Burden of “Right to Try” Implementation on Sponsors (for Now); Risk of Unexpected SAEs Negatively Impacting Development and Approval Still Remains

June 8, 2018By James E. Valentine & David B. Clissold

On May 30, 2018, the federal “Right to Try” law was enacted, creating a new legal framework for access to investigational drugs in limited situations outside of a clinical trial. See S. Rep. No. 204, 115 Cong. (2018). “Right to Try” was intended to reduce the regulatory burden of including FDA in the process for access, as well as to mitigate the risk that a negative clinical outcome, such as an unexpected serious adverse event (SAE), would have on development or approval.  As a result, the role of FDA in “Right to Try” use is minimized compared to that of Expanded Access (often referred to as “compassionate use”).  Instead, the burden of implementation is left to sponsors.

This reality became very evident when, in a June 1, 2018 email on implementation of the new law, Dr. Janet Woodcock, Director of the FDA Center for Drug Evaluation and Research (CDER), instructed the Center’s staff “…if you receive inquiries about the legislation from patients or physicians about a specific product, please refer them to the sponsor of the investigational drug or biological product.”  This is, at least in part, because Dr. Woodcock believes “…sponsors are in the best position to provide information on the development status of their products (which is critical to determining whether a drug or biological product is eligible for use under Right to Try)…”

As this post will highlight, patient access to an investigational drug under the “Right to Try” legislation requires that both the patient and the investigational drug be eligible. For now, sponsors must bear the burden of determining eligibility as FDA, in the words of Dr. Woodcock, is “reviewing the legislation…and working expeditiously to develop further information on how to respond to such inquiries.”  It remains unclear how much guidance FDA will provide given the Congressional intent for the Agency to be hands-off.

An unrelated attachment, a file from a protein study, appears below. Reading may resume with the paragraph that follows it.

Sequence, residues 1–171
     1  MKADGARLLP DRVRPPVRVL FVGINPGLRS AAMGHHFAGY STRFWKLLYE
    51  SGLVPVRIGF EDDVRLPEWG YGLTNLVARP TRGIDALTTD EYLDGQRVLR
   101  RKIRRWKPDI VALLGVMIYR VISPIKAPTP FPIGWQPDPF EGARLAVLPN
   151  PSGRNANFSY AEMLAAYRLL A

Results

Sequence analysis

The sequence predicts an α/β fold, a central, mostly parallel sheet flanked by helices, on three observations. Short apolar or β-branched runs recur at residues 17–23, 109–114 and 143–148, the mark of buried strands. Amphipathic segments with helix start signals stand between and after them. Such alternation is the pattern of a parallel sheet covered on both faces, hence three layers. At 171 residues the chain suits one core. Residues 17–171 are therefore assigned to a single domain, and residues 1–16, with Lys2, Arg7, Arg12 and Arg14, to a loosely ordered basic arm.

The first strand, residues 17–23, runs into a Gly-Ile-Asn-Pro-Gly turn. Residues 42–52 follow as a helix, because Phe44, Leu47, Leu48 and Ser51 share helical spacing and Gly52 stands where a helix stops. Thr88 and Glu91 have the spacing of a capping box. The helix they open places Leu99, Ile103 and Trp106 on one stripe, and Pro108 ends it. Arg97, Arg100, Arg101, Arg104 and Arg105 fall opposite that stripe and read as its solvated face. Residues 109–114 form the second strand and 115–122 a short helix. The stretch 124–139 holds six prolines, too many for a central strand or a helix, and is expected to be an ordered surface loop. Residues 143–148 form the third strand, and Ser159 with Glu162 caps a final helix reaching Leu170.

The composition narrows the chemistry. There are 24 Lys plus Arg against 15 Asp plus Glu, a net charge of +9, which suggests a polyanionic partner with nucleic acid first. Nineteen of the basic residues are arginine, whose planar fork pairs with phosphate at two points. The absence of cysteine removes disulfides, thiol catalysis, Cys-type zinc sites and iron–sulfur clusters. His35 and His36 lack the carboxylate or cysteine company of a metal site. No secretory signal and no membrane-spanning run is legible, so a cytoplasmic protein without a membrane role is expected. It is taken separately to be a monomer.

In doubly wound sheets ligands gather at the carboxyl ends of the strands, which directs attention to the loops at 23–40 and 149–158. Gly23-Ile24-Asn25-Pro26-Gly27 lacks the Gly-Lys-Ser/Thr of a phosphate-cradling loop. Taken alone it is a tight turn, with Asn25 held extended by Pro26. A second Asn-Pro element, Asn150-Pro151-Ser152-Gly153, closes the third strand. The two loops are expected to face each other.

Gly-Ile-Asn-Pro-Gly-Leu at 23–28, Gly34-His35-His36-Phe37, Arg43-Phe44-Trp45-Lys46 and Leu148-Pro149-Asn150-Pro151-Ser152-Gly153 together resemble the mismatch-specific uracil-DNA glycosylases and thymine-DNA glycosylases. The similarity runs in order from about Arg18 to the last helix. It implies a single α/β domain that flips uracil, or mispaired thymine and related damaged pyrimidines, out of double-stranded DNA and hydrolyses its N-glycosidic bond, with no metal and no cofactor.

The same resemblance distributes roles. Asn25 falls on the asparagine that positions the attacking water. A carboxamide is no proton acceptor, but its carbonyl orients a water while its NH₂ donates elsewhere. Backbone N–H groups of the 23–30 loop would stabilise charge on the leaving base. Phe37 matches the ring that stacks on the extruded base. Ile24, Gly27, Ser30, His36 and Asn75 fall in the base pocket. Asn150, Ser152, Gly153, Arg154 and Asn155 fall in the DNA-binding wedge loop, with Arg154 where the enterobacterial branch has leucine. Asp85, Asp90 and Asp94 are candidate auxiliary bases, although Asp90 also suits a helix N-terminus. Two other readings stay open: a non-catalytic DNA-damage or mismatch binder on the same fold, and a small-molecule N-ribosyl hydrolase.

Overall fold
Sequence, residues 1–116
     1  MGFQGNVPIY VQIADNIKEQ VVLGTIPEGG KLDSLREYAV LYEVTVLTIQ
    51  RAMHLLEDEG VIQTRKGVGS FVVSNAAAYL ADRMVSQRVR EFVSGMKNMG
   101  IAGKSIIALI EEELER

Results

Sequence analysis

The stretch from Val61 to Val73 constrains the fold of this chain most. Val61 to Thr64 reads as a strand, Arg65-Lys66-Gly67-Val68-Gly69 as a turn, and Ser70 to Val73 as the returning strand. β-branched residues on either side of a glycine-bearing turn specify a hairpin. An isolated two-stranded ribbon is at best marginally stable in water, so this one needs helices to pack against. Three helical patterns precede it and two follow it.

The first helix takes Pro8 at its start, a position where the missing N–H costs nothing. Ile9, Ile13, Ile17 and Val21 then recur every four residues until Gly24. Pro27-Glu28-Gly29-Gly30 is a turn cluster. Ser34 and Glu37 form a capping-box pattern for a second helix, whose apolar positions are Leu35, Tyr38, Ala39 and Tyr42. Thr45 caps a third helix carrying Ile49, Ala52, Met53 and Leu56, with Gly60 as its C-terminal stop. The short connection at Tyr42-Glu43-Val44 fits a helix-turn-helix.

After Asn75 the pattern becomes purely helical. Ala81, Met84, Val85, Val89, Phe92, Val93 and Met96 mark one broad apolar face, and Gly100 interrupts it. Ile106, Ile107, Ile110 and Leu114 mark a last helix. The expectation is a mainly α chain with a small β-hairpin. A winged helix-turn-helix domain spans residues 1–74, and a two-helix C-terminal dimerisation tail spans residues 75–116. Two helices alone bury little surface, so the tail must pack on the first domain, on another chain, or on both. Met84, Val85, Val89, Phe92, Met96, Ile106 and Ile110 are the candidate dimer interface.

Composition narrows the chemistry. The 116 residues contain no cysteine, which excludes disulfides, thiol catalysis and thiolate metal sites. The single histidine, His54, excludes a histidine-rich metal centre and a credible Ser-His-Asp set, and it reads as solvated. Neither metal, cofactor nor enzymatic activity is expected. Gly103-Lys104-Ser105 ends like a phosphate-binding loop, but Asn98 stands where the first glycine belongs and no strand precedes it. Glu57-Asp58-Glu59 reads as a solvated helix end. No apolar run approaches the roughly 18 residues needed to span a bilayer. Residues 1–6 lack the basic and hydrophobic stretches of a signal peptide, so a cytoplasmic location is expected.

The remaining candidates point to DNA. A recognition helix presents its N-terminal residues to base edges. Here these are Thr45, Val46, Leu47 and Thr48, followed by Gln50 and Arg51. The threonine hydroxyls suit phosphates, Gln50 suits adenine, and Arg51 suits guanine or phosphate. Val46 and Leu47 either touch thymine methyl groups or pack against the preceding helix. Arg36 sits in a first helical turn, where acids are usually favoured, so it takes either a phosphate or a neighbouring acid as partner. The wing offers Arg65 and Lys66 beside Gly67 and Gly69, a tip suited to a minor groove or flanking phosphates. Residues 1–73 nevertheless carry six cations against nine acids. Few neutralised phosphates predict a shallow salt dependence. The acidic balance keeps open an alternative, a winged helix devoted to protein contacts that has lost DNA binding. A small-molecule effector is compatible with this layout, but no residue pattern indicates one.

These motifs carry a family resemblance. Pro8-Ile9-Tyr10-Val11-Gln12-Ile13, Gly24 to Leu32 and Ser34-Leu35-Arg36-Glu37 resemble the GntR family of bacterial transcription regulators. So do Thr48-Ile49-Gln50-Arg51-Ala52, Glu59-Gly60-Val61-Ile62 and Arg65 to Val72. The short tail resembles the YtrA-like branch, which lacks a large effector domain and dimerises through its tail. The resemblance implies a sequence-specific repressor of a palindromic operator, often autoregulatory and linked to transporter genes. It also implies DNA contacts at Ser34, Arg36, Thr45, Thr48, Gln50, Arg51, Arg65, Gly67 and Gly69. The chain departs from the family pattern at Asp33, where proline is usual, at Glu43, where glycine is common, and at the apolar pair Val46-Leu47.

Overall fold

Determining Eligibility for “Right to Try” Use

Under the new law, for a patient to eligible for “Right to Try” use, s/he must have:

  • Been diagnosed with a severely-debilitating or life-threatening disease as defined at 21 C.F.R. § 312.81;
  • Exhausted approved treatment options and is unable to participate in a clinical trial involving the particular investigational drug (this must be certified to by a qualifying physician); and
  • Provided written informed consent to the physician regarding the particular investigational drug.

It is not clear whether the sponsor or the physician is required to document either the certification regarding patient eligibility or the informed consent. It is also not clear how much information the sponsor should provide to the physician in order for that subject to be truly informed about the potential risks and benefits of the investigational drug.

For a particular investigational drug to be eligible, it must:

  • Have completed a Phase 1 study (as described in 21 C.F.R. § 312.21);
  • Have not been approved or licensed for any use;
  • Be subject to a filed New Drug Application (NDA) or Biologics License Application (BLA) ; or be under investigation in a clinical trial that is both “intended to form the primary basis of a claim of effectiveness in support of approval or licensure” and is the subject of an active IND, as applicable; and
  • Be under active development or production and not been discontinued by the manufacturer or be on clinical hold.